The treatment of patients with STS remains challenging. A
substantial subset of patients have incompletely resectable disease,
and marginal margins are achieved in the majority of patients who
macroscopic total resection with a subsequent high likelihood of
- Stojadinovic A, Leung DH, Hoos A, Jaques DP, Lewis JJ,
Brennan MF. Analysis of the prognostic significance of microscopic
margins in 2,084 localized primary adult soft tissue sarcomas. Ann
- Gerrand CH, Bell RS, Wunder JS, et al. The influence of
anatomic location on outcome in patients with soft tissue sarcoma
of the extremity. Cancer. 2003;97:485–492.
- Rehders A, Hosch SB, Scheunemann P, Stoecklein NH, Knoefel
WT, Peiper M. Benefit of surgical treatment of lung metastasis in
soft tissue sarcoma. Arch Surg. 2007;142:70– 75.
- Liebl LS, Elson F, Quaas A, Gawad KA, Izbicki JR. Value of
repeat resection for survival in pulmonary metastases from soft
tissue sarcoma. Anticancer Res. 2007;27:2897–2902.
- S. Agarwala, Paediatric rhabdomyosarcomas and
nonrhabdomyosarcoma soft tissue sarcomas, J Indian Assoc
Pediatr Surg / Jan-Mar 2006 / Vol 11 / Issue 1
- Lewis JJ, Leung D, Woodruff JM, Brennan MF. Retroperitoneal
soft-tissue sarcoma: analysis of 500 patients treated and followed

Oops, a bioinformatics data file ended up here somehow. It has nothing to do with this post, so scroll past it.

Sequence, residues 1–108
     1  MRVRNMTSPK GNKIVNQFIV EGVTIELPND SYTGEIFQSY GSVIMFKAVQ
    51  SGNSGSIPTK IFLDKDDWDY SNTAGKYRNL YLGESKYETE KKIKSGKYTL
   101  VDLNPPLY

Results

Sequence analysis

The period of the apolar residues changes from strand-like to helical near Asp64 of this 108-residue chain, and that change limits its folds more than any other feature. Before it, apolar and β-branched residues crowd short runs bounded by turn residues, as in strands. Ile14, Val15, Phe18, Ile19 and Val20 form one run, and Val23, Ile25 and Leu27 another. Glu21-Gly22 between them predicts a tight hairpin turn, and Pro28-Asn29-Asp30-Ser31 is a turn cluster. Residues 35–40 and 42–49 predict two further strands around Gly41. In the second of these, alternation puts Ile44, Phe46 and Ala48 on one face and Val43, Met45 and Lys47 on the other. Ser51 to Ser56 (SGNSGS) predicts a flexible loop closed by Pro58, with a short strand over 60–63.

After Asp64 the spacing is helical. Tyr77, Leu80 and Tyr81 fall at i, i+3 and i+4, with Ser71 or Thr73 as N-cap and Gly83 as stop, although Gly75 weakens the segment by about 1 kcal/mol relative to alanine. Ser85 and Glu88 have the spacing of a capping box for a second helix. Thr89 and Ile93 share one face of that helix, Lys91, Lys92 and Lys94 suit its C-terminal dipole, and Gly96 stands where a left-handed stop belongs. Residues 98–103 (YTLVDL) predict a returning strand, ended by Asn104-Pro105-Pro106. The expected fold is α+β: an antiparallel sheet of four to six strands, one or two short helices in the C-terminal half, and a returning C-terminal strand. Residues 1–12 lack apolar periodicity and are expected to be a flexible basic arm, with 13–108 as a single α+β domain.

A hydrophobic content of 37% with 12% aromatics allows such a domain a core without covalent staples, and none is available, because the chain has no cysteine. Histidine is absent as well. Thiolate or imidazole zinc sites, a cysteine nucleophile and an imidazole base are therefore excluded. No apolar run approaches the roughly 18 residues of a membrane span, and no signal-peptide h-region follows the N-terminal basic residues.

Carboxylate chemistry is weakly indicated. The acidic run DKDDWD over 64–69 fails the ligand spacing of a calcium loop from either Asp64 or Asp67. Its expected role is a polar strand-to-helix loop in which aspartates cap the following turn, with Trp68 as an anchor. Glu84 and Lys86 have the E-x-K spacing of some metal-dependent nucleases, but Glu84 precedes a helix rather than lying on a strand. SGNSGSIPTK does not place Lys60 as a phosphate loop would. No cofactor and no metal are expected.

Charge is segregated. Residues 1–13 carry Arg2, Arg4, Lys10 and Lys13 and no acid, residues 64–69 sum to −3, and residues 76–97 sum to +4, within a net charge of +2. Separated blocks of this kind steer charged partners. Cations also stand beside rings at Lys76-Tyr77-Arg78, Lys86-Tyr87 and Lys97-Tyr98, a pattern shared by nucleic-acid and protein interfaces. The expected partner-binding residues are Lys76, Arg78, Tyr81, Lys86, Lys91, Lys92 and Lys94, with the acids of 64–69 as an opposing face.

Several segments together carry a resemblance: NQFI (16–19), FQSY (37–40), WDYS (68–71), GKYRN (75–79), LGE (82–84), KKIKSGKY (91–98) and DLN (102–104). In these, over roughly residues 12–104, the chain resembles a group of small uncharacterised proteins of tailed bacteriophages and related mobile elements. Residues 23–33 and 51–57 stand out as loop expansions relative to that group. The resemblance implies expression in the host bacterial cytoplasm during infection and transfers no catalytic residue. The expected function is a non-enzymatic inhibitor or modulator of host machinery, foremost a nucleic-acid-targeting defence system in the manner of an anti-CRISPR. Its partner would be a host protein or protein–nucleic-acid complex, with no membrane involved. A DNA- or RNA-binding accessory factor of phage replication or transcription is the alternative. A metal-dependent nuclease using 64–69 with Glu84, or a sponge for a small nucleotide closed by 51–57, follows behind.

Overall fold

at a single institution. Ann Surg. 1998;228:355–365.
- American Joint Committee on Cancer. Soft tissue sarcoma. In:
Greene FL, Page DL, Fleming ID, editors. AJCC cancer staging
manual. New York: Springer, 2002:193–200.
- Enneking WF, Spanier SS, Goodman MA. Current concepts
review. The surgical staging of musculoskeletal sarcoma. J Bone
Joint Surg. 1980;62:1027–1030.
- Tierney JF, Stewart LA, Parmar MKB, Sarcoma Meta-analysis
Collaboration: Adjuvant chemotherapy for localised resectable
soft-tissue sarcoma of adults: meta-analysis of individual data.
Lancet 1997, 350(9092):1647-54
- Antman K, Crowley J, Balcerzak SP, et al. An intergroup phase
III randomized study of doxorubicin and dacarbazine with or
without ifosfamide and mesna in advanced soft tissue and bone
sarcomas. J Clin Oncol. 1993;11:1276– 1285.
- Edmonson JH, Ryan LM, Blum RH, et al. Randomized
comparison of doxorubicin alone versus ifosfamide plus
doxorubicin or mitomycin, doxorubicin, and cisplatin against
advanced soft tissue sarcomas. J Clin Oncol. 1993;11:1269–1275.
- Casali PG, Picci P. Adjuvant chemotherapy for soft tissue
sarcoma. Curr Opin Oncol. 2005;17:361–365.
- Yang JC, Chang AE, Baker AR, Sindelar WF, Danforth DN,
Topalian SL, DeLaney T, Glatstein E, Steinberg SM, Merino MJ,
Rosenberg SA: Randomized prospective study of the benefit of
adjuvant radiation therapy in the treatment of soft tissue sarcomas
of the extremity. J Clin Oncol 1998, 16(1):197-203.